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NCJRS Abstract

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NCJ Number: 150155 Find in a Library
Title: Use of Deadly Force by Minnesota Peace Officers Resulting in Death, 1981-1990
Author(s): L C Brubaker
Date Published: 1993
Page Count: 99
Type: Legislation/Policy Analysis
Format: Document
Language: English
Country: United States of America
Annotation: This analysis of deadly force deaths caused by Minnesota police officers in 1981-90 considers the feelings and needs of the officers after the shooting, conditions that increase the possibility that deadly force will be used, and whether there are better ways of preparing officers to respond to the types of events that led to the use of deadly force.
Abstract: Data were collected through records checks, interviews with 38 of the 40 officers involved in deadly force incidents, and a literature review. Ninety percent of the officers believed their training had been adequate, but most were not familiar with the procedures to which they were subjected following the shooting, such as the taking of their weapon and the securing of blood samples to test for alcohol or drugs. The author recommends a number of additions to firearms training that will better prepare officers to act effectively in situations with a high risk for the use of deadly force. Firearms training should include more low-light or artificial-light environments for shooting. Cases that involve ambiguous or marginal circumstances for the use of deadly force should be reviewed and discussed. Officers should also receive firearms training in all types of weather and be trained to shoot at targets in second-story windows or on balconies. The researcher also recommends that an independent body, rather than a unit of the police department, be responsible for investigating incidents of police use of deadly force. He suggests changes in the form used to record police firearms discharges. Appended study instrument and data, 9 figures, and 4 tables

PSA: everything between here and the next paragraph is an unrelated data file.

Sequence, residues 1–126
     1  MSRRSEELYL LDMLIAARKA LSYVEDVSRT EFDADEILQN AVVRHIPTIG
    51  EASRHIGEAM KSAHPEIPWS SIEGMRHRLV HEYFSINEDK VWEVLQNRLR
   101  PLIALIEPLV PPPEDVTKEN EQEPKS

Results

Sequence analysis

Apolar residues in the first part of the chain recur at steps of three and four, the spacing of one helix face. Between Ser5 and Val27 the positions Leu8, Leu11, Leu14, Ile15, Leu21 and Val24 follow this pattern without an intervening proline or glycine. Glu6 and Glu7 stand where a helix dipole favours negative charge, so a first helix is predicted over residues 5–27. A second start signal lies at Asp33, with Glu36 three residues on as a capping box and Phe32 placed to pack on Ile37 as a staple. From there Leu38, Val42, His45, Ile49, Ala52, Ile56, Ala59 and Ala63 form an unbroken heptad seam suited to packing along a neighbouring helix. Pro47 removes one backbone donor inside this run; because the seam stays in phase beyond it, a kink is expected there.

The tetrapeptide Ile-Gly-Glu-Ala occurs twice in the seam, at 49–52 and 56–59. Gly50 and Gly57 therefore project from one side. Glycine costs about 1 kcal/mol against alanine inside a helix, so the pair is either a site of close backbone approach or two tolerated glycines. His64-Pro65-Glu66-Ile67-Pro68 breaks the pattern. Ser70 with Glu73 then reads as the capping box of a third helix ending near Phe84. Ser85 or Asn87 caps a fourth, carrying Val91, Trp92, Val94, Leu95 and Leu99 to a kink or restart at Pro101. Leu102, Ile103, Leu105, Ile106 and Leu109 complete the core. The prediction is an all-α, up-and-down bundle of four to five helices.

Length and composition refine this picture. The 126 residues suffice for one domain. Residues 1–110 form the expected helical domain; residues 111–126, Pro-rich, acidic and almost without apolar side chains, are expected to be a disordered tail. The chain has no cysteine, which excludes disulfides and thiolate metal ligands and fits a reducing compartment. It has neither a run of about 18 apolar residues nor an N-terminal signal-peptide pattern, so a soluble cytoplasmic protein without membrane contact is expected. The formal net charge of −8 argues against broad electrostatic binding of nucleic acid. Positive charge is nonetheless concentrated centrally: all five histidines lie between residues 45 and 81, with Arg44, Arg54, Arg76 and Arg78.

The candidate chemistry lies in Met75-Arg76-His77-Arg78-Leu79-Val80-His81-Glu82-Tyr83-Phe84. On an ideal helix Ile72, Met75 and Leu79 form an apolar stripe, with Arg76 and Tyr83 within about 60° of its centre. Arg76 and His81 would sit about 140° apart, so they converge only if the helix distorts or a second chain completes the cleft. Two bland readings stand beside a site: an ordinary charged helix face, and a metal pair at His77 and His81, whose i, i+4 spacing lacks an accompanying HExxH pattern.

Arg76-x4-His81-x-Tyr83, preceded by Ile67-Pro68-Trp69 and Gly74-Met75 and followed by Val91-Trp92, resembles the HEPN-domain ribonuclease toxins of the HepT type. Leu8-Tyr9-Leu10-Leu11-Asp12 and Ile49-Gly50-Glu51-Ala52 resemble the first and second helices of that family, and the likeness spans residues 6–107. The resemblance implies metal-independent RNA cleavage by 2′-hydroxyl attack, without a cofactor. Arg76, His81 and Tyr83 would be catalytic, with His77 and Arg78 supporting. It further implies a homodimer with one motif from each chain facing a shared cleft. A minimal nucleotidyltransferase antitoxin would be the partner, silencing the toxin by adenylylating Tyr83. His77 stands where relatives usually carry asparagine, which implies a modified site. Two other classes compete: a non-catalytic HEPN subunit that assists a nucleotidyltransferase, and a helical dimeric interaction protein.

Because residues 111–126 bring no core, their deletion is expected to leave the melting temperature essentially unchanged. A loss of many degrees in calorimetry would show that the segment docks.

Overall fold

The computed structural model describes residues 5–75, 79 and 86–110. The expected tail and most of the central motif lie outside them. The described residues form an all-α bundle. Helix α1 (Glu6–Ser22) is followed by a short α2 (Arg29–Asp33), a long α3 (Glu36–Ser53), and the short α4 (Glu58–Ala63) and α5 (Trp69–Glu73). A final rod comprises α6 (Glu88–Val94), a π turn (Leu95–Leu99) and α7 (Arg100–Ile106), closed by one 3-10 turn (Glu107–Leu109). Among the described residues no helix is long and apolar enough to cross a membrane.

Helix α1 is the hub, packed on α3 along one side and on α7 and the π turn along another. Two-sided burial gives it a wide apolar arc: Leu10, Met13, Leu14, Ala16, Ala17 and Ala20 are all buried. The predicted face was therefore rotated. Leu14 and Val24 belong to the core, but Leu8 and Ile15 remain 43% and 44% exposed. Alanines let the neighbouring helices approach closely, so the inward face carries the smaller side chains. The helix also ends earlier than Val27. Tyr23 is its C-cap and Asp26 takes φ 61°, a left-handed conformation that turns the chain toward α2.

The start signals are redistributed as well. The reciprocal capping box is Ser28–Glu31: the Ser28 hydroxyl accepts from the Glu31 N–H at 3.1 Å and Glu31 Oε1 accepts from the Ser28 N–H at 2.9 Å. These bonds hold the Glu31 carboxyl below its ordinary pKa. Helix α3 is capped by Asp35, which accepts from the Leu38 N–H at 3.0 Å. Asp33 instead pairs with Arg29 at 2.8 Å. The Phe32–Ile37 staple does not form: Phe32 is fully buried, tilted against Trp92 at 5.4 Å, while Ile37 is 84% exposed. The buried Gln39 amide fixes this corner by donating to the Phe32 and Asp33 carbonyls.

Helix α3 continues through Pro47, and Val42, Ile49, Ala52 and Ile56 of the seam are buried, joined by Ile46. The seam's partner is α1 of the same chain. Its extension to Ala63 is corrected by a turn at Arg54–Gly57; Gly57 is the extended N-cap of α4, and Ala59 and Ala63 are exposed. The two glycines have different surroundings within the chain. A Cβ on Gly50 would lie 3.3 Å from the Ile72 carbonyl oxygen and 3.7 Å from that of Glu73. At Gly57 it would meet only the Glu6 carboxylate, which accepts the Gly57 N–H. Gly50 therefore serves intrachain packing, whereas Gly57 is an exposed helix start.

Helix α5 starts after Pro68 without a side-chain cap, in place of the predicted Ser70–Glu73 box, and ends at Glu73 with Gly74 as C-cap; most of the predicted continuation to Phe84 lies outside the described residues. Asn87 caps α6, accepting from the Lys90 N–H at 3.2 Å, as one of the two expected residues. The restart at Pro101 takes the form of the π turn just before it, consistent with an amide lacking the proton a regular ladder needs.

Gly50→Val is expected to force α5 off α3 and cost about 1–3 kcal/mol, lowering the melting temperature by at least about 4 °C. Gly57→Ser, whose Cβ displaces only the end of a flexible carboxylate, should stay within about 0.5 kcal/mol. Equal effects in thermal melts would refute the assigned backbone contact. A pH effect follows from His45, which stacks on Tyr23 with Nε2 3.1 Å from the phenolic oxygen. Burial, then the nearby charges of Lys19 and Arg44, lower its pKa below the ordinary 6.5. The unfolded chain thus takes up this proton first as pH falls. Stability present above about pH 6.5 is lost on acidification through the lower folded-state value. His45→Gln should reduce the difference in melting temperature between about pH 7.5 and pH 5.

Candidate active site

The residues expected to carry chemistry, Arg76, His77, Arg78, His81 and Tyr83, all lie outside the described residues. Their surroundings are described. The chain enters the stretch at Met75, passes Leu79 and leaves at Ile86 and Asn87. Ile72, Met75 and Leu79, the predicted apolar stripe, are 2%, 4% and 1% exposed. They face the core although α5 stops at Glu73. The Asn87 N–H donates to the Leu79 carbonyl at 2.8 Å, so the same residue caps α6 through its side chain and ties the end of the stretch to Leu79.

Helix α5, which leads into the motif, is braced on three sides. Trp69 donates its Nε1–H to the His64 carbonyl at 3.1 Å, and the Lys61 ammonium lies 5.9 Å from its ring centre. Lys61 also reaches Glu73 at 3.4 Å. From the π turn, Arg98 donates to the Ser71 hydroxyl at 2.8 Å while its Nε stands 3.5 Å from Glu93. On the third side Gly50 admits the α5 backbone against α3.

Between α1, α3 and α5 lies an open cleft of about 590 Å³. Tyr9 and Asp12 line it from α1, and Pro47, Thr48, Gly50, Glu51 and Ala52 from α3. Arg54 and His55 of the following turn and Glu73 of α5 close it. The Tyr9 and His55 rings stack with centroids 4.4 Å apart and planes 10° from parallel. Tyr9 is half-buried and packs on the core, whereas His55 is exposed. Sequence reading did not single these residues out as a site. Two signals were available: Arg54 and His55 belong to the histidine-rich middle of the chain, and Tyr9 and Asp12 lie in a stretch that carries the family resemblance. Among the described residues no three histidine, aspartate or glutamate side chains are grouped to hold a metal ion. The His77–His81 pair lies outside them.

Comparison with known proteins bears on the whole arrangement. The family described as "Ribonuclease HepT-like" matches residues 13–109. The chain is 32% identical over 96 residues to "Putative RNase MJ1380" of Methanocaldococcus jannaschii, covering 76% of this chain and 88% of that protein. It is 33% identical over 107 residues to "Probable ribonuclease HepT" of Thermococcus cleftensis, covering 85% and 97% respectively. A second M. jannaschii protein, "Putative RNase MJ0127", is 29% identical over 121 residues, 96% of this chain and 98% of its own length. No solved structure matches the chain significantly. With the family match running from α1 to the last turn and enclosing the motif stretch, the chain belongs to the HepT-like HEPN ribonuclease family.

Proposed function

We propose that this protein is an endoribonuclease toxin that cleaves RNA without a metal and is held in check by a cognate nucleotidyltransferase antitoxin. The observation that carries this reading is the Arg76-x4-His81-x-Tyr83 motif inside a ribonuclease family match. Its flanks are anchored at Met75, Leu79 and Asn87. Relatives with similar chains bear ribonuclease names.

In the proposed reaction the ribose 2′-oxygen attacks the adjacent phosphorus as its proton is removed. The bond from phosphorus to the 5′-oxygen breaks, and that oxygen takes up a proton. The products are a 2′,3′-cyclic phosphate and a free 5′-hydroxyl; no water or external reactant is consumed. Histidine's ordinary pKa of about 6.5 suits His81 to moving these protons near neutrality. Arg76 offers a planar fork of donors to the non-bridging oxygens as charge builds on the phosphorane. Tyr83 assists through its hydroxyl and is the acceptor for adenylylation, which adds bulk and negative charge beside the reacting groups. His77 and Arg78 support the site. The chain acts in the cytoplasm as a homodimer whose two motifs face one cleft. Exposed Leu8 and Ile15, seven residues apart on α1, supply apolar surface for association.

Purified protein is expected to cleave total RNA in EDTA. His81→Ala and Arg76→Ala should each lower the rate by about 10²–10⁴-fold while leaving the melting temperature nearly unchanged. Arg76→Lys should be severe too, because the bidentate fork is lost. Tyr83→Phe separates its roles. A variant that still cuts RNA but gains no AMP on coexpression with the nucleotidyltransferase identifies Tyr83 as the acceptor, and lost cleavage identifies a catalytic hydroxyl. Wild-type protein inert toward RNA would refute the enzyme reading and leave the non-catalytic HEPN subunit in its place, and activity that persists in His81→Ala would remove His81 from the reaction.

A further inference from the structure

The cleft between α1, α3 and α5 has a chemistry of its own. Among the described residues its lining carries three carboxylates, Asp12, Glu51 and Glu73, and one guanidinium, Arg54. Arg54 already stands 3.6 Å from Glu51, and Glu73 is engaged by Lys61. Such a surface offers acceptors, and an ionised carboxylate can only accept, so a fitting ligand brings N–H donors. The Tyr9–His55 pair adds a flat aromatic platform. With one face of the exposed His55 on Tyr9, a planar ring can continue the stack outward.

Main Term(s): Police use of deadly force
Index Term(s): Minnesota; Police firearm training; Police weapons use
Note: A summary paper presented to the faculty of the Graduate School of the College of St. Mary's in partial fulfillment of the requirements for the degree of Master of Arts in Education.
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